|Chaz26 added 16:14 - Apr 8|
Thank you tractorboykent I enjoyed reading your very balanced blog. Like you, I believe, all should now pull together as it is dispiriting to read so many negative comments on a daily basis. I was worried that the new owners would close the Academy but from what I have read this could not be further from the truth. Likewise there seems a reassurring sense of a step by step process to reach the ultimate aim of stability in the Premiership. Thank you again for sharing your balanced view.
|Countryboyblue added 17:02 - Apr 8|
A good and honest read. Thank you.
|dusth added 21:27 - Apr 8|
T'boy Kent. You speak with a good journalist's experience and wisdom. Couldn't agree more. As a screenwriter and long term fan (pre Burley) I looked at Michael and Brett and saw good sense, enthusiasm and sincerity. They may succeed, they may not. I respect Marcus Evans for looking for the right people. All his bad decisions were made with Magilton, Keane, Jewell during the Premiership "gold rush" and McCarthy wasn't up to stabilising us for long. Hurst was the final nail. We have now settled at this level. There are some good young players having a rough time in there and i hope they won’t listen to the hot heads who want “the lot cleared out”. I am as chuffed as everyone about this.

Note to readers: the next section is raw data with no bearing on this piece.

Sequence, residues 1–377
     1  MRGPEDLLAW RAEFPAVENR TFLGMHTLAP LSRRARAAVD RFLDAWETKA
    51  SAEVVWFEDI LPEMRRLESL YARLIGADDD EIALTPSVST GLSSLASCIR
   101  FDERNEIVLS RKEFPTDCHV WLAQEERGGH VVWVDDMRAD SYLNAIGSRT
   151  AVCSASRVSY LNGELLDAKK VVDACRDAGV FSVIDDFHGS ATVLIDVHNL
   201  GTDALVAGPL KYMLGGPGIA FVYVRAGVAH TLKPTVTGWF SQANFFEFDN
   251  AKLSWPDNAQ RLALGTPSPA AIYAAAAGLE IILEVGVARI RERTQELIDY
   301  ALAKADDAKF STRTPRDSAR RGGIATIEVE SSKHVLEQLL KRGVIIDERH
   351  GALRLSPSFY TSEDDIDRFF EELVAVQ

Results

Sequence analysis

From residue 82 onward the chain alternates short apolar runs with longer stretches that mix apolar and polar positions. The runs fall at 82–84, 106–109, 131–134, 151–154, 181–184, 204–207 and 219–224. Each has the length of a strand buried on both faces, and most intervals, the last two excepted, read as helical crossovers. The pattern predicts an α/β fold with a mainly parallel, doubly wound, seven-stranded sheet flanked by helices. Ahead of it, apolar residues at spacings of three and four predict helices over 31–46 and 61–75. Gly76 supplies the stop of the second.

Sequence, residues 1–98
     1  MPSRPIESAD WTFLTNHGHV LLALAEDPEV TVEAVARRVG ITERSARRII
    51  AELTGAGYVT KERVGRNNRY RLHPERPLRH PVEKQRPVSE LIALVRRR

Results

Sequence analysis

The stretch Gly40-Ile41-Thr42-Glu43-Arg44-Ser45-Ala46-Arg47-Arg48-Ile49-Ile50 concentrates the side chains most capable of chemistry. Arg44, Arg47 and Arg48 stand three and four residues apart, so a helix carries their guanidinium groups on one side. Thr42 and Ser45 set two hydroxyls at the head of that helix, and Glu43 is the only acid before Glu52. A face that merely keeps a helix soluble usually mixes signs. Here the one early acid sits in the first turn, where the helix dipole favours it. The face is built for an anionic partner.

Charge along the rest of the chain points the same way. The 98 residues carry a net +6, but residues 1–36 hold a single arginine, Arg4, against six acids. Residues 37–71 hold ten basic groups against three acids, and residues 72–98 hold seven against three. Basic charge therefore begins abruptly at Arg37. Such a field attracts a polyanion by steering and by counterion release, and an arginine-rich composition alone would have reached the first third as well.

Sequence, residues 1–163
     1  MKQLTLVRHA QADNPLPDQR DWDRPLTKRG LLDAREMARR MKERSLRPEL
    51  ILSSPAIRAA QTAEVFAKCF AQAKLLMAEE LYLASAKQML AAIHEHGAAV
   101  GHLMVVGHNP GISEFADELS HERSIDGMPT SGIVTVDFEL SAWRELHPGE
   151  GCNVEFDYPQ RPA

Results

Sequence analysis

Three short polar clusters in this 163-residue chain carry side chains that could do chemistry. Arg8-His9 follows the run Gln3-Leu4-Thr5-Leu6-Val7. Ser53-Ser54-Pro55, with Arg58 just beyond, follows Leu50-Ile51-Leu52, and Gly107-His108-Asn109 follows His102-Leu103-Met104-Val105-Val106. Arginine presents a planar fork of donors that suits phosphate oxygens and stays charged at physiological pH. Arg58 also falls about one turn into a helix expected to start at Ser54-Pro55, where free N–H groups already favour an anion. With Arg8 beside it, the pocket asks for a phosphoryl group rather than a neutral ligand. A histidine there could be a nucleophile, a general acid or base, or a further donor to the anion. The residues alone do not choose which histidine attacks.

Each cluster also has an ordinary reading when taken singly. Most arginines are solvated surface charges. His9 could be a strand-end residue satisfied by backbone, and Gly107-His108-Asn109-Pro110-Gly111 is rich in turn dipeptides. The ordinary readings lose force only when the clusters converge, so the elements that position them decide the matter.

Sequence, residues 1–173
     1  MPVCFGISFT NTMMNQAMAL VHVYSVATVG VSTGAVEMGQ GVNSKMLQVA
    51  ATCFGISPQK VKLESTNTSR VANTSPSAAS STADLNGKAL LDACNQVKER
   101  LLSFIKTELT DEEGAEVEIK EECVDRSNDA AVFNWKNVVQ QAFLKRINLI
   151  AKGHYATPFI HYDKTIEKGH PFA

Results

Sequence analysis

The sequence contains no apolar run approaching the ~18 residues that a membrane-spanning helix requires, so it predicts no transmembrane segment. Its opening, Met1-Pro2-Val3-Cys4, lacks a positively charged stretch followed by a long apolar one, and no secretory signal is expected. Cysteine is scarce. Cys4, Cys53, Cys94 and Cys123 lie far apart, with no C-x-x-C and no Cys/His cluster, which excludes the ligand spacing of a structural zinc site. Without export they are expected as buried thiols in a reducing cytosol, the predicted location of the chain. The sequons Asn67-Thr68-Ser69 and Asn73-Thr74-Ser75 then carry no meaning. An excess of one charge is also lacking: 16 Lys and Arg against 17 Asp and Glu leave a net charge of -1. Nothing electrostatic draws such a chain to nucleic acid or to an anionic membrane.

|NormEmerges added 08:41 - Apr 9|
Excellent and well balanced article, thanks for sharing this with us. Cautious optimism is certainly the right mood for now!
In amongst all this excitement, isn't there a football match happening soon?
|oldelsworthyfan added 09:21 - Apr 9|
Thanks for this excellent, level headed article.
Now for the hard nosed American approach from the new owners!
|alhare added 17:06 - Apr 9|
Well done for a considered piece. We live in a divisive society and football and ITFC must be a force for good if we are to build the ground swell of collective energy that will drive the clubs on pitch success. Slagging ME, and indeed underwhelming okaying staff off, doesn’t achieve that. He saved us, took a huge financial hit and has handed us on to new owners who seem to have a plan fir success. Thank you ME, and now let’s all pull together to drive this football club forwards.
|Runner added 14:13 - Apr 10|
Nice, well balanced Blog, thank you tractorboykent.
For someone like me who watched their first game of the 68 season and us winning the 2nd division, working at the ground on match days for many years, season ticket holder some years and been to 6 out of 7 finals (home & away legs) like many of you ITFC is in my blood.
Feels nice to be a Ipswich fan again with what could be some good years ahead..
|Runner added 14:17 - Apr 10|
Sorry, 5 out of 6 finals (4 home & away and FA Cup) Don't go to play off final.
|Facefacts added 23:03 - Apr 10|